His Perikatan Nasional alliance came to power in March last year after a complicated power struggle that displaced the then ruling Pakatan Harapan coalition.

Muhyiddin – who orchestrated the self-coup that handed him power – this January obtained royal assent for an eight-month state of national emergency that grants him powers to govern by fiat.

Parliament is suspended, and despite pleas from the opposition for the legislature to sit – MPs have largely been vaccinated – the government has insisted that the status quo will remain until at least August.

Political observer Pauline Leong told This Week in Asia a common perception was that Najib, prime minister from 2009 until 2018, was functioning better as “opposition” compared with his time in power.

James Chin, a Malaysia watcher at Australia’s University of Tasmania, said the former premier was accurately echoing resentment on the ground. However, Chin opined that the objective of the criticism was to signal that Najib, not Muhyiddin, was the more capable crisis-time leader in the government camp.

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This effort would also help him boost his standing within Umno, which according to observers is split between several camps, one of which backs Najib and the current party president Ahmad Zahid Hamidi.

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“I think the longer Najib is out there, and the bigger the mess the government makes on [lockdown-related policies], it will make him look better and better,” Chin said.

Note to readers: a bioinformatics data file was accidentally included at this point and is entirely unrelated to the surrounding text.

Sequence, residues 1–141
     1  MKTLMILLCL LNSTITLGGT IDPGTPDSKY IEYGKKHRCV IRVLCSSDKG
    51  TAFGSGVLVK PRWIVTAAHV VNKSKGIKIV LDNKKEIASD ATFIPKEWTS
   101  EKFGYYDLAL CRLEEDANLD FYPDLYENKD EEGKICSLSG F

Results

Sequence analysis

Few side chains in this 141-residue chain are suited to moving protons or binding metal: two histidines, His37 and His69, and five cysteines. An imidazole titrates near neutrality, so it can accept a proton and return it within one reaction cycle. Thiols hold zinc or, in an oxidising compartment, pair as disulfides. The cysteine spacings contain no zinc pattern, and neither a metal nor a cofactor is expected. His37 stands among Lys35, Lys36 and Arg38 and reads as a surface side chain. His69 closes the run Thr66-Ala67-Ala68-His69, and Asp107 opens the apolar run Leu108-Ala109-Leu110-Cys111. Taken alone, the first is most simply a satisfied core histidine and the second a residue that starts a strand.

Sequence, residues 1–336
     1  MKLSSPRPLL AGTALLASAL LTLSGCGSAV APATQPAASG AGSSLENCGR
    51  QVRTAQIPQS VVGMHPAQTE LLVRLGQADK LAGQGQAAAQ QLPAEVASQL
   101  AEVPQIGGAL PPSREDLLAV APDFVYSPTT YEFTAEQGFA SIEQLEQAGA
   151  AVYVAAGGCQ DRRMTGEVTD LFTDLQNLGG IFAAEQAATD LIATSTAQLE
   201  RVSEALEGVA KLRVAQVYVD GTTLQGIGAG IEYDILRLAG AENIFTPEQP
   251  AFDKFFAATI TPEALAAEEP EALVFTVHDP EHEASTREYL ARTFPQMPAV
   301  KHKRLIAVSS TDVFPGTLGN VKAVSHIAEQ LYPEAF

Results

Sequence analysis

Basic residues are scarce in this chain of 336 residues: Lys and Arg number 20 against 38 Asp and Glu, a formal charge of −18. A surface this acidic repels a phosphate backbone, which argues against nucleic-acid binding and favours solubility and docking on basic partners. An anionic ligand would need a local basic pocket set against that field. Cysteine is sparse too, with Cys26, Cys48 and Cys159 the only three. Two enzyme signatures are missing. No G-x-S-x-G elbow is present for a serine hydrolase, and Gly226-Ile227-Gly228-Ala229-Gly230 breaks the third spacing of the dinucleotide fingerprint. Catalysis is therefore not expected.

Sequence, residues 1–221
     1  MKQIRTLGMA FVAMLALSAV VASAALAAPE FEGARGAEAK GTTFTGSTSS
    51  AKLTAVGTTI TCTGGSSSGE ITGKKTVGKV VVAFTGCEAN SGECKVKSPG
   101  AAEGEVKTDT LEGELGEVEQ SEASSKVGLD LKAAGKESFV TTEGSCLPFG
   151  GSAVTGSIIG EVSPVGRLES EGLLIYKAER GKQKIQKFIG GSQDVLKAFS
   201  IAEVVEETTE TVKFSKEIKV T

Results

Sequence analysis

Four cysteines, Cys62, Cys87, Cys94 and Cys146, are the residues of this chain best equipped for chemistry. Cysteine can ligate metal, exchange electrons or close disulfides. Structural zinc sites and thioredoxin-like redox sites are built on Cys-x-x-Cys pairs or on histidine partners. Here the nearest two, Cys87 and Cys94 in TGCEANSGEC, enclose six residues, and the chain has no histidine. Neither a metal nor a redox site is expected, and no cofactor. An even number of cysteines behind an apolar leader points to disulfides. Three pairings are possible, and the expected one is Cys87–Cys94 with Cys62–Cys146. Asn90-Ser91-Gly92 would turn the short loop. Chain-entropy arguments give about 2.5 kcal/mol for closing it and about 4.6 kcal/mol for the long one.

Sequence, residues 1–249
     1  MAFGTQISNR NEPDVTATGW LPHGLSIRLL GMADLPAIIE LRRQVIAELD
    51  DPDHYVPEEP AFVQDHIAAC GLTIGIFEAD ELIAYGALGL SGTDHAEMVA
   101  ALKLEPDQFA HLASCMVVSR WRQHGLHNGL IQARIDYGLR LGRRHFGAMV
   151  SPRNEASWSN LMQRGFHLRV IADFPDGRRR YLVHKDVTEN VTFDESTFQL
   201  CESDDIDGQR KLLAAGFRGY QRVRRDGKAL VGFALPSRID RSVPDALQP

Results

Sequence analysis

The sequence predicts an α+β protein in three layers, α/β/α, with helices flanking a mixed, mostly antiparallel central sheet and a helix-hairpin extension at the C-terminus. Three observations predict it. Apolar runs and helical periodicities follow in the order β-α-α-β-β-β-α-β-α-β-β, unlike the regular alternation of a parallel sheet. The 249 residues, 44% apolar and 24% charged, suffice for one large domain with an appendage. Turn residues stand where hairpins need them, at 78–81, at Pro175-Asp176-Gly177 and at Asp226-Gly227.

“There’s also a view that within Umno, they really don’t have talent – and at the end of the day, if you look at all the current Umno leadership, he is still the most talented among the key leaders.”

Umno currently supplies 38 MPs to Muhyiddin’s ruling coalition, more than the 31 MPs from the prime minister’s Bersatu party in the 222-seat parliament.

Zahid, like Najib, is on trial for corruption charges.

Both could be ineligible for the next national election – expected to be called after the pandemic abates – if they are not exonerated from their current legal woes.

National University of Malaysia political science professor Muhamad Nadzri Mohamed Noor said the perception of Najib’s status as an effective conduit for public sentiment had been made easier by the “vacuum” left by Pakatan Harapan.

The opposition alliance – once led by two-time prime minister Mahathir Mohamad, who was ousted in Muhyiddin’s coup – has endured setbacks including the elder statesman’s departure from its ranks.